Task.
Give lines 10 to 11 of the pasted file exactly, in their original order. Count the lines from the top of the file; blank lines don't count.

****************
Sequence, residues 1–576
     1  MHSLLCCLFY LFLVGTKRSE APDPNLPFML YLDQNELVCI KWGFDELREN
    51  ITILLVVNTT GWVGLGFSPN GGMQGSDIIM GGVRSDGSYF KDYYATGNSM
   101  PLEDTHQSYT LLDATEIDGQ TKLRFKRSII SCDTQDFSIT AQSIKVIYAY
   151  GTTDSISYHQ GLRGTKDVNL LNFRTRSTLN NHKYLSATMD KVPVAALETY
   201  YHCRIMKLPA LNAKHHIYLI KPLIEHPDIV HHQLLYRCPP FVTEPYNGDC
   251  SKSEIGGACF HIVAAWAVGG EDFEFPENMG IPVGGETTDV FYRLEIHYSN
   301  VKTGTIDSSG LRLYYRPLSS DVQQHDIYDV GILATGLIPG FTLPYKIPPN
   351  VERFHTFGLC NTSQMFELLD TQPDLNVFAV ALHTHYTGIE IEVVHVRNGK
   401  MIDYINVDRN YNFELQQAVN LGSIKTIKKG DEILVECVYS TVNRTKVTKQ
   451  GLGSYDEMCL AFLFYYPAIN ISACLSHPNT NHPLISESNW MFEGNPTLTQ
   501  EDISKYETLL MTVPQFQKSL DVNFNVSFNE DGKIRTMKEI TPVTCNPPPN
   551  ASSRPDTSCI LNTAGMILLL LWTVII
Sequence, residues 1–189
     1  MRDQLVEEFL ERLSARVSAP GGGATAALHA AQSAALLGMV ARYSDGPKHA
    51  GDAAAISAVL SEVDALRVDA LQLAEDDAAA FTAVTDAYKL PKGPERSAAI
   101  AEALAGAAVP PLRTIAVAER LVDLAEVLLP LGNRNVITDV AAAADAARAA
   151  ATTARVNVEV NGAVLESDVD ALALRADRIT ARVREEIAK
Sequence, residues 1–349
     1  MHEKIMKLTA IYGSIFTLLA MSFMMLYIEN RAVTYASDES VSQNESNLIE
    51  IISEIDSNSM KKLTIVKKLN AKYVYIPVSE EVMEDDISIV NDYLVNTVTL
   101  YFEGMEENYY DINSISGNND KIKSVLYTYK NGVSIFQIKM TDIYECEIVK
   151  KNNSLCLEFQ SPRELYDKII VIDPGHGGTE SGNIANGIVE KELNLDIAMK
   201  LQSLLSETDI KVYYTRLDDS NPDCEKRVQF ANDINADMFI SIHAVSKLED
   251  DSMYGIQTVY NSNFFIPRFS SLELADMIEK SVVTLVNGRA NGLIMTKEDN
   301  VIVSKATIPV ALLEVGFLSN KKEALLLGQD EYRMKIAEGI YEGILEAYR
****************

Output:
   401  MIDYINVDRN YNFELQQAVN LGSIKTIKKG DEILVECVYS TVNRTKVTKQ
   451  GLGSYDEMCL AFLFYYPAIN ISACLSHPNT NHPLISESNW MFEGNPTLTQ